The Gipper Turns 100

Today would have been Ronald Reagan’s 100th birthday.

Which got me thinking about how the District commemorates its presidents – this one in particular.

As a child of the Eighties, the first president I could remember was Reagan. In fact, seeing my mom watch the coverage of the assassination attempt on Reagan in 1981 was the first time I learned what a president was.

Before I was politically aware, it was like having a kindly grandfather in the White House – similar to the Werther’s Original guy, except with jellybeans.

Of course, no president can be honored in Washington, D.C. without politics entering the equation, particularly an iconic Republican in a town that overwhelmingly votes Democratic.

On the occasion of the Reagan Centennial, the Washington Post does a great job of examining his complex legacy today – and even includes a nice trivia quiz.

There haven’t been any celebrations of his birthday in the District yet, but there are a few things in the works – including a cake-cutting at the National Archives (February 18, 1 PM in the Jefferson Room) and some as yet unspecified event at the Ronald Reagan Building and International Trade Center.

The history of the Reagan Building itself illustrates the political complications in deciding how and when to honor a president, especially one so fresh in political memory.

Reagan signed the bill that authorized the construction of the building, which was the realization of John Kennedy’s vision to improve that symbolic stretch of Pennsylvania Avenue. A Republican Congress voted unanimously to name the building for Reagan in 1995.

But by the time it was finished, it was the second largest government office (after the Pentagon), and the cost overruns turned it into the most expensive federal building in U.S. history.

Sort of an ironic tribute to a president best known for decrying big government.

And then there’s the decision to add Ronald Reagan’s name to Washington National Airport, also pushed through by a Republican Congress.  In addition to being a mouthful, there was the extra government expense to change all the signage and maps.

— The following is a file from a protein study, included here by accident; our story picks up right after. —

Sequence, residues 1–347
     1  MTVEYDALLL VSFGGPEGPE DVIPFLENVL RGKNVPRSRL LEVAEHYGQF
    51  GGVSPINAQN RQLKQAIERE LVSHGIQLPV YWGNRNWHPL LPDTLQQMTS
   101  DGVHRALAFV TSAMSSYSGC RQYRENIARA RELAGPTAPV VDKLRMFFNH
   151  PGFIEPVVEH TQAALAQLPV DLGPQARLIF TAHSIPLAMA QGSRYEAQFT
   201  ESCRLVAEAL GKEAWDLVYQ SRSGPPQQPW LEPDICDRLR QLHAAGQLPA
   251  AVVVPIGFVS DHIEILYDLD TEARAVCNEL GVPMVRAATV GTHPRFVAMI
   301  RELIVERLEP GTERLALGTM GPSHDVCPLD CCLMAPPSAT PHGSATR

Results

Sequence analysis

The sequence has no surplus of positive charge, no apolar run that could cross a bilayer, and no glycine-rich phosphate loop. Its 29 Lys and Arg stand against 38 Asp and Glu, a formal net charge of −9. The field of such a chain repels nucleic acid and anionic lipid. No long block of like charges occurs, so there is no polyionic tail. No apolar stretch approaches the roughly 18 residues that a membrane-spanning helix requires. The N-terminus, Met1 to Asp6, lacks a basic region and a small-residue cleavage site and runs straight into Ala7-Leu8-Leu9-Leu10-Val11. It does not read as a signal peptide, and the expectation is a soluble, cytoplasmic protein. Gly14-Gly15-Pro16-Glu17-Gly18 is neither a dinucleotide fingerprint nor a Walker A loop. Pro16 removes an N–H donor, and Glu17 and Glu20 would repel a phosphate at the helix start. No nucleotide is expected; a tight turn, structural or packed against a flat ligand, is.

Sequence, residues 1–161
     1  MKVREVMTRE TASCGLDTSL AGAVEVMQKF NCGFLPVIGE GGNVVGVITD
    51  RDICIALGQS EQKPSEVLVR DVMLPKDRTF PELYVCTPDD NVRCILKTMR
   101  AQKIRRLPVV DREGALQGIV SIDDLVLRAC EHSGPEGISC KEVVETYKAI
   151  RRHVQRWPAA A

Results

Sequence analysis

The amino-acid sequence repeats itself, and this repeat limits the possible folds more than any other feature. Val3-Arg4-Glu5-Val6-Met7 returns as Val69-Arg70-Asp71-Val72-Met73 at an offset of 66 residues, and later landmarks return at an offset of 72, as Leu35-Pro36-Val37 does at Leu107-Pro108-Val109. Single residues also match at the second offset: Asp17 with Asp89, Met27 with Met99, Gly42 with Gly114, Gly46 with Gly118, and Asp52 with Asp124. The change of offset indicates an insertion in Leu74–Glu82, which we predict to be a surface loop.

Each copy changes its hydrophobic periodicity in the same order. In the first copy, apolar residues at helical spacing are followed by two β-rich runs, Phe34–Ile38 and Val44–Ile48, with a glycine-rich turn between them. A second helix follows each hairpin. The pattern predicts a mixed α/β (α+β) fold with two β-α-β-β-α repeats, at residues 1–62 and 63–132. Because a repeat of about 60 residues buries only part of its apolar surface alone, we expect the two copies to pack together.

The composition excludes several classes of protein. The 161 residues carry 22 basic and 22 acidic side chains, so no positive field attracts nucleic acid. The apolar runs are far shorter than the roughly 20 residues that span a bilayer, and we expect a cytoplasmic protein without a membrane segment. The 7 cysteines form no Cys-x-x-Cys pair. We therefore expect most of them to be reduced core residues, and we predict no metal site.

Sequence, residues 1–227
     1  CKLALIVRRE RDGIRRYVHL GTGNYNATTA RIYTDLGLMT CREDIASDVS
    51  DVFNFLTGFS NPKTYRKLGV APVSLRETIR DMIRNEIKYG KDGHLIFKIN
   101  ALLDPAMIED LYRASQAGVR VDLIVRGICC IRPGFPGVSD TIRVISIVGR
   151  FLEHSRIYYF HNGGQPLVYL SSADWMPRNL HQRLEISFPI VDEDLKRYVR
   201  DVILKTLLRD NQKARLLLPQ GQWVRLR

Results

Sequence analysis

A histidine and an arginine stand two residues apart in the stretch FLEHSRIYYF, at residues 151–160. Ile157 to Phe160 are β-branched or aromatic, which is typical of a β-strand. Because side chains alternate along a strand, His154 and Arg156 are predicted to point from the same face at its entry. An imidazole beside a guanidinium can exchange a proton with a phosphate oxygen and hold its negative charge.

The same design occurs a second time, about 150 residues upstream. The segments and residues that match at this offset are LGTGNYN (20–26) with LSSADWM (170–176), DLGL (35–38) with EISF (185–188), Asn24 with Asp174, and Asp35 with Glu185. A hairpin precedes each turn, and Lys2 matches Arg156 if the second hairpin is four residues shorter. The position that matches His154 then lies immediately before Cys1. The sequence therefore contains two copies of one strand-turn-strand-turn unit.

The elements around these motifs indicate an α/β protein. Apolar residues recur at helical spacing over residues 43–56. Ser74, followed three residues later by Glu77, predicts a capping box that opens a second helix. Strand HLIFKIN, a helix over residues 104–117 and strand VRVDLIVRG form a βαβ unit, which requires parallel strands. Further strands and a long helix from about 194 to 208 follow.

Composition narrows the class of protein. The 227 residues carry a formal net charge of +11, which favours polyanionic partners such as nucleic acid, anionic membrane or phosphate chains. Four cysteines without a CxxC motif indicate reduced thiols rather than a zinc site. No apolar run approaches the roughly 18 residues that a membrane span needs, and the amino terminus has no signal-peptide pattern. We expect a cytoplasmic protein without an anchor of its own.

Despite all the effort, most District residents (this one included) still call it National.

There have been countless other attempts to memorialize Reagan, most of them advanced by Grover Norquist’s Ronald Reagan Legacy Project. The group claims renaming National airport as its biggest achievement, and provides a handy interactive map to find the closest Reagan memorial near you (out of an estimated 107 in the U.S. and 13 abroad).

One idea that went nowhere fast was a 2005 proposal by a Texas Congressman to rename 16th Street – the historic and iconic road that runs into the White House – Ronald Reagan Boulevard.

The District government was not amused.

My favorite renaming actually came on an episode of the Simpsons, where a meeting of the Springfield Republicans suggested that the Mississippi River be called the Mississippi Reagan.

There have also been countless attempts to add Reagan’s smiling visage to our currency – the dime, half dollar, ten dollar, twenty dollar, and fifty dollar bills have all been bandied about.

One tribute that seemed devoid of politics was the naming of the Ronald Reagan Institute of Emergency Medicine at George Washington University Hospital.

The Emergency Department helped save Reagan’s life when he was brought there after being shot in front of the Washington Hilton – although before being wheeled into surgery, the president quipped to the doctors, “I hope you’re all good Republicans.”

My most vivid memory of Reagan actually comes from living in the District during his death in 2004. I remember watching the historic funeral procession going up Pennsylvania Avenue – and using my press badge to visit the Capitol to see his casket lying in state in the building’s Rotunda.

I was heading through a hallway into the Rotunda when I was momentarily stopped by security as they ushered a man past me.  They cleared the room so this one man could have a private moment with Reagan.

I watched in the wings as he approached and put his hand on the flag-draped casket, standing there for several moments in deep contemplation. He then turned and walked past me again as he left the room.

It was Mikhail Gorbachev.

I can’t think of a better tribute to the 40th president than that.

8 thoughts on “The Gipper Turns 100

    • I was remiss in not mentioning that a very important person shares the Gipper’s birthday – Keith Fleming! He looks much younger than 100 years though…he also informed me that Bob Marley and Babe Ruth share Reagan’s birthday, too…

    • Great question, Martin – it was something I never understood when I was younger, because it came from a character he played in his early movie career. Reagan played the Notre Dame University football player George “The Gipper” Gipp in the 1940 movie Knute Rockne, All American. Gipp died in 1920 from a throat infection at the age of 25, days after leading his team to a major win against rival Northwestern University. On his deathbed, he was supposed to have told his coach, Knute Rockne, to rally the team to “win just one for the Gipper.” Reagan delievered that emotional deathbed speech in the movie, and earned the nickname “The Gipper.” He later used it as a political slogan, most famously at the 1988 Republican National Convention, when he told his vice-president George H.W. Bush to “go out there and win one for the Gipper.” You have to admit, no matter what you think of Reagan, he also earned the nickname “master communicator.” Even Obama has tried to take some cues from him…

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